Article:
Fire division must release records

Orlando officials have until Wednesday to turn over records to state prosecutors investigating whether the city's Fire Department misused federal grant money.

The state prosecutor's office has subpoenaed documents related to $378,000 that Orlando received from the U.S. Department of Homeland Security in 2005 and 2006.


The money was made available to reimburse departments that paid overtime to firefighters while they were in special-training classes or paid other firefighters who filled in for them. Orlando received the grant money, even though the Fire Department didn't have additional personnel expenses.

The city returned the money in April, after the Orlando Sentinel reported the allegations.


But two subpoenas served on city officials Oct. 4 show that investigators still are looking at the city's handling of the money. The subpoenas seek:

*All city e-mail from 2005 for three department administrators: Toby Bevelacqua, the district chief who applied for the grants; Bob Bowman, fire chief at the time; and Jim Reynolds, the current fire chief.

*Payroll records for dozens of firefighters who attended training classes on how to handle hazardous materials and how to rescue victims trapped in collapsed buildings.

*A detailed list of how the city spent the money.

City Attorney Mayanne Downs said the investigation is nearly over and she expects the city to be cleared of wrongdoing.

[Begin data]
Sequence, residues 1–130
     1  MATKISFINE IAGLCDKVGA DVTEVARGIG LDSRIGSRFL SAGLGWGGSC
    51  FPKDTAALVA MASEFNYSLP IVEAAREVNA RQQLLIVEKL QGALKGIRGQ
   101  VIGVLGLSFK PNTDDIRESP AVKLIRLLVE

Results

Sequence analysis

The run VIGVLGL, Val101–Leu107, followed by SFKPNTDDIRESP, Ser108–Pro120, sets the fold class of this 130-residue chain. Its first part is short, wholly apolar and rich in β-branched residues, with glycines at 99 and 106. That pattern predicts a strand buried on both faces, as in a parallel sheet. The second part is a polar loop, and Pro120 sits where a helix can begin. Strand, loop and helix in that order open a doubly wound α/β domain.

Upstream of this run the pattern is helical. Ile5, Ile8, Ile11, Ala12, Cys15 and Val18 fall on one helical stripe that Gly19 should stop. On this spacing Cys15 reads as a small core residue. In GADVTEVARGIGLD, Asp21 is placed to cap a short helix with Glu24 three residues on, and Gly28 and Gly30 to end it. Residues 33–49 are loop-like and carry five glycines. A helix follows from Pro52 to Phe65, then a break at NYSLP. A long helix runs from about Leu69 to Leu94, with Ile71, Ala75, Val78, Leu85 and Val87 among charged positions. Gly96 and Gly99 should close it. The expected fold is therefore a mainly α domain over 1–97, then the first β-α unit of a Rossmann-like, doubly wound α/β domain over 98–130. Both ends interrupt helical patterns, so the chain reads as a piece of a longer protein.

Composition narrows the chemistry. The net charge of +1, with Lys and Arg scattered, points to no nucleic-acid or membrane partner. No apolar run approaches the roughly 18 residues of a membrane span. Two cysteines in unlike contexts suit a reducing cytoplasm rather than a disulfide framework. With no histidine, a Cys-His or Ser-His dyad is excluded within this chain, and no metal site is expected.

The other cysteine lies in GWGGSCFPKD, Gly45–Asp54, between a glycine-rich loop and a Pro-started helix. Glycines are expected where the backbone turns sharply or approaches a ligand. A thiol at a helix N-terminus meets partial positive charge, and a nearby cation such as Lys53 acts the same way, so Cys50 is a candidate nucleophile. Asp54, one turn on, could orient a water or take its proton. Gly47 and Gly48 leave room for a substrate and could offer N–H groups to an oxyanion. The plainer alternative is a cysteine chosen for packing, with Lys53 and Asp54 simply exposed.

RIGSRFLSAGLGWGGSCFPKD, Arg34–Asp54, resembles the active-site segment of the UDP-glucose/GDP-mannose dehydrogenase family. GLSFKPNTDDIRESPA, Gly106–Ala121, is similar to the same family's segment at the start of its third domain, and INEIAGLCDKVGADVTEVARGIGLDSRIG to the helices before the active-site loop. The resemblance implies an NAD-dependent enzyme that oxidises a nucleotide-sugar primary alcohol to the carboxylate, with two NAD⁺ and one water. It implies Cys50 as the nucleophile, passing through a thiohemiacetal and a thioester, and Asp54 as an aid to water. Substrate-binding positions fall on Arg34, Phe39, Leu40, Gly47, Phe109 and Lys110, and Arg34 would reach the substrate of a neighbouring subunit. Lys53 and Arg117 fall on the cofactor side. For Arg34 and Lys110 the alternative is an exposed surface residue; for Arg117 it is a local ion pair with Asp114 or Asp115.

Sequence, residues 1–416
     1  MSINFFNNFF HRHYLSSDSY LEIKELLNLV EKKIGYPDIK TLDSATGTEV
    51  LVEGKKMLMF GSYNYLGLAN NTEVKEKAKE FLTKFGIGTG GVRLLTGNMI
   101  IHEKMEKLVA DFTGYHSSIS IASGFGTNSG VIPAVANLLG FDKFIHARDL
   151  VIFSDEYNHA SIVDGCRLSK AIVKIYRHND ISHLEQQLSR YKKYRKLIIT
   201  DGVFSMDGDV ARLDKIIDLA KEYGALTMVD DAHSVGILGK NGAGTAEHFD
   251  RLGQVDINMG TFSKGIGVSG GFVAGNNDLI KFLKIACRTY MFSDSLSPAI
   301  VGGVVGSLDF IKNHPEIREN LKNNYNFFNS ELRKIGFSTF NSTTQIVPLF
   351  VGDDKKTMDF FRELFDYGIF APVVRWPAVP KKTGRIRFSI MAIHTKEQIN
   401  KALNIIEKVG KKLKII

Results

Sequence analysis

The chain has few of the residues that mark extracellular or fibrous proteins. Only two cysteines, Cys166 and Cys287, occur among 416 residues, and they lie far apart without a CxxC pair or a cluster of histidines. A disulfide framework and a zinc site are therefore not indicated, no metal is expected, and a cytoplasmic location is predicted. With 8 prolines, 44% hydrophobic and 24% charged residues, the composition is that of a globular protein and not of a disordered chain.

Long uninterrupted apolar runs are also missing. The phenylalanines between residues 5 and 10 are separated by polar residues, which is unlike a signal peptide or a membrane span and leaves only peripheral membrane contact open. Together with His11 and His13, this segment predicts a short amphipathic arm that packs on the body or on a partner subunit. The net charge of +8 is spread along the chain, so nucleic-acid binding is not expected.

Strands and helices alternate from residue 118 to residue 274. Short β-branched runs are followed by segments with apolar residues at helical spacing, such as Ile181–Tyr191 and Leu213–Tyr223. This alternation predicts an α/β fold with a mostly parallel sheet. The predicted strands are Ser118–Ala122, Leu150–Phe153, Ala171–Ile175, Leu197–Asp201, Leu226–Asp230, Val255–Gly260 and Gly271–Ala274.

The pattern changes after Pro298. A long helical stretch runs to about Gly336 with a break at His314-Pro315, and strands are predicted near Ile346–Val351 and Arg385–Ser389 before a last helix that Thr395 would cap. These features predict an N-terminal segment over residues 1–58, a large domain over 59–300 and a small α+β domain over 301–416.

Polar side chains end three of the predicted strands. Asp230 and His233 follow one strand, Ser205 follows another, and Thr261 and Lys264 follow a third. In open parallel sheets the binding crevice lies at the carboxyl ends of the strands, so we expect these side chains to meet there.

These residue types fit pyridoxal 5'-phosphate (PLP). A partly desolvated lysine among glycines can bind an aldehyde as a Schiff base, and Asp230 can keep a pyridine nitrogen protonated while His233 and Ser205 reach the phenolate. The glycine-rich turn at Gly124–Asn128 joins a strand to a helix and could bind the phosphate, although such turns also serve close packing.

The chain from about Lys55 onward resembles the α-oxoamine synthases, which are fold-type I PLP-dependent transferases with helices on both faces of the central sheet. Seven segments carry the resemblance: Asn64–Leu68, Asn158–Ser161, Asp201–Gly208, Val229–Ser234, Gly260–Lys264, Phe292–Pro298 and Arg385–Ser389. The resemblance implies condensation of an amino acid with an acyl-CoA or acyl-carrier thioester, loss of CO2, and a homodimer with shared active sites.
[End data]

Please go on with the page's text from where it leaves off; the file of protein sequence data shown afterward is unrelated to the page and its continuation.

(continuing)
"We're advised the subpoenas are just routine, in the sense that they want to corroborate with documents what they've already been told," Downs said.

Attorney General Bill McCollum's office, which oversees the statewide prosecutor, referred questions to the U.S. Attorney's Office, which is conducting its own probe of the grant. A spokesman declined to reveal any details.

"Right now, it wouldn't be appropriate to characterize the status of the investigation," said Steve Cole, a U.S. Attorney's Office spokesman in Tampa.


The subpoenas come at the same time the Orlando Fire Department is embroiled in controversy over a 5-year-old promotional exam.

On Friday, Reynolds demoted two high-ranking chiefs after an inquiry concluded they had used a department radio to secretly listen and record colleagues who were taking the same test they would take the next day.

Reynolds lamented the bad publicity from the separate incidents but said his department is still top-notch.

"You never like to be viewed negatively by the public, but I can assure you the operations of the Orlando Fire Department are second to none," he said.